Content » Vol 95, Issue 1

Short communication

Punctate Palmoplantar Keratoderma Type 1: A Novel AAGAB Mutation and Efficacy of Etretinate

Toshifumi Nomura1, Akihiro Yoneta2, Elizabeth Pohler3, Shotaro Suzuki1, Rinko Osawa1, Osamu Mizuno1, Yuka Ohguchi1, Yukiko Nomura1, Toshiharu Yamashita2, W. H. Irwin McLean3 and Hiroshi Shimizu1

Departments of Dermatology, 1Hokkaido University Graduate School of Medicine, North 15 West 7, Kita–ku, Sapporo 060-8638, 2Sapporo Medical University School of Medicine, Sapporo, Japan and 3Centre for Dermatology and Genetic Medicine, College of Life Sciences and College of Medicine, Dentistry and Nursing, University of Dundee, Dundee, UK. E-mail:

Accepted Feb 26, 2014; Epub ahead of print Feb 27, 2014

Punctate palmoplantar keratoderma type 1 (PPKP1, OMIM#148600), also known as the Buschke-Fischer-Braurer type, is a rare form of palmoplantar keratoderma that is autosomal dominantly inherited (1). PPKP1 is clinically characterised by multiple punctate hyperkeratotic papules affecting the palmar and plantar skin, with considerable phenotypic variation among patients (2). These circumscribed papules gradually coalesce and increase in number with age (2). The lesions typically start to appear in early adolescence but sometimes develop later in life. In 2012, linkage analysis and whole-exome sequencing identified heterozygous null mutations within AAGAB as a cause of PPKP1 (2, 3). AAGAB encodes α- and γ-adaptin binding protein p34, which is involved in clathrin-mediated vesicle transport (2). Loss-of-function mutations in AAGAB result in haploinsufficiency of p34 (2). To date, 20 AAGAB null variants have been identified in Scottish, Irish, English, German, Tunisian, Chinese Mexican and Japanese populations (2–8). Here we report a Japanese case with PPKP1 carrying a novel AAGAB null mutation.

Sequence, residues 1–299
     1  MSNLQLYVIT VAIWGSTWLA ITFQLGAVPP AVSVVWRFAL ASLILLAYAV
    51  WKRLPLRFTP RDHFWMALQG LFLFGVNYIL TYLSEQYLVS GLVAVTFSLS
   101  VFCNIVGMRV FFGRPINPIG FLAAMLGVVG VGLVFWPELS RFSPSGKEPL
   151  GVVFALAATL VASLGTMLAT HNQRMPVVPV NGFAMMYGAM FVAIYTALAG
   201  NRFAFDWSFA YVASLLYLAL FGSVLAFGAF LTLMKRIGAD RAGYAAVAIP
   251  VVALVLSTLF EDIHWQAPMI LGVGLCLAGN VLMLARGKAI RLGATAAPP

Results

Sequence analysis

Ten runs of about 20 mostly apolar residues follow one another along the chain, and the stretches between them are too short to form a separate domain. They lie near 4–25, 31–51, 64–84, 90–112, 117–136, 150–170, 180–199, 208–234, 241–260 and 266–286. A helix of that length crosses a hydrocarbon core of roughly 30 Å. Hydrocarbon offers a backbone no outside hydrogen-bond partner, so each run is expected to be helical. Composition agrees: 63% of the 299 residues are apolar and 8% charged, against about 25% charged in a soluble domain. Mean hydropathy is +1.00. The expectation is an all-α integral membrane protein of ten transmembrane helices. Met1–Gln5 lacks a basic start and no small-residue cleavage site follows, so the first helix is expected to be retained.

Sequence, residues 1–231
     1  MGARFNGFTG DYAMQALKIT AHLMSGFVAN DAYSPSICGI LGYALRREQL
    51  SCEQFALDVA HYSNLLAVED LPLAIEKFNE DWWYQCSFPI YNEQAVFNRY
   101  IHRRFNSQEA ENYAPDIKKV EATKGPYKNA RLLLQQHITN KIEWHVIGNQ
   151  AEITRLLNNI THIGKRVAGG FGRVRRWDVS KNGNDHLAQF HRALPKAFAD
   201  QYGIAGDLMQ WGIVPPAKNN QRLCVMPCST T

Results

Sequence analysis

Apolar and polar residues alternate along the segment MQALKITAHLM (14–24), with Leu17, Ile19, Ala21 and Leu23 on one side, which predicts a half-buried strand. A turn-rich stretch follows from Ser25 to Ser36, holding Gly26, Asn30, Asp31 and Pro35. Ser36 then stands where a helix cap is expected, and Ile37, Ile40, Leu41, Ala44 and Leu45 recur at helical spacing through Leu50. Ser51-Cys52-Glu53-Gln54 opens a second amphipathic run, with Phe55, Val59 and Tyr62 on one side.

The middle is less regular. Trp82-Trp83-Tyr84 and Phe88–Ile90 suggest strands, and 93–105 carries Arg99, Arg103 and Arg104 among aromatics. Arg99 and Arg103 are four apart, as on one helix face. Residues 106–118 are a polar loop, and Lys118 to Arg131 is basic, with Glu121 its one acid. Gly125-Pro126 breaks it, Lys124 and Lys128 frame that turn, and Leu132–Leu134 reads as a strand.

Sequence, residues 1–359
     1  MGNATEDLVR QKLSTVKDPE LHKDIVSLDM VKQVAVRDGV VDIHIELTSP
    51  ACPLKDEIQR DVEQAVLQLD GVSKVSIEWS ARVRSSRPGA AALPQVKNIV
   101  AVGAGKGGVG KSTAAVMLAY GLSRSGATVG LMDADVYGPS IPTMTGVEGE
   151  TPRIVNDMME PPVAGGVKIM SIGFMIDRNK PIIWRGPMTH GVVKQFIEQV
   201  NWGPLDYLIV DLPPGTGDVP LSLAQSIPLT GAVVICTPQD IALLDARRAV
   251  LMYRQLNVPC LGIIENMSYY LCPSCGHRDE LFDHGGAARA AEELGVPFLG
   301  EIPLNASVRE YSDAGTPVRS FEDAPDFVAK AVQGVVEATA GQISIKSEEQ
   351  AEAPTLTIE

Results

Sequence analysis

An 80-year-old Japanese woman presented with numerous hyperkeratotic lesions on the palms and soles. They had gradually increased in number since the symptoms first emerged in the first decade of life. She had a previous medical history of diabetes mellitus but was otherwise healthy. Physical examination showed hundreds of asymptomatic keratotic papules up to 5 mm in diameter on the palmoplantar regions (Fig. 1A). On the soles, the weight-bearing areas were mainly affected. Some of the papules were coalesced to form larger plaques. The patient had a family history of the disorder, with one of her 2 children also being affected. Histology of the papule sampled from the left palm showed hypergranulosis and hyperkeratosis with a well-defined central epidermal depression (Fig. 1B). Parakeratosis was not a feature. Immunohistochemical staining for Ki-67 showed continuous staining of the basal keratinocytes of the affected epidermis (Fig. 1C). Taken together, a diagnosis of PPKP1 was made. Mutation analysis of AAGAB was subsequently performed. In brief, genomic DNA of the patient was obtained from saliva using the Oragene DNA Self-Collection Kit (DNA Genotek, Kanata, ON, Canada) and all exons and exon-intron boundaries of AAGAB were amplified and sequenced as described previously (2). The patient gave written informed consent for mutation analysis in compliance with the Declaration of Helsinki Principles. This study was approved by the Medical Ethics Committee of the Hokkaido University Graduate School of Medicine. Mutation analysis of AAGAB revealed that the patient was heterozygous for a previously unreported frameshift mutation, c.174delC (Fig. S11), in exon 2 of the gene. The 1-bp deletion results in a premature termination codon (PTC) at 51 amino acids downstream of the mutation (p.Asn59Ilefs*51), presumably causing haploinsufficiency of AAGAB. This mutation was not detected in 50 ethnically matched control individuals. Thus, the diagnosis of PPKP1 was further confirmed by genetic testing. Thirty mg/day of oral etretinate (Tigason®) dramatically reduced the number of keratotic papules in the patient within a month of initiation of therapy (Fig. 1C).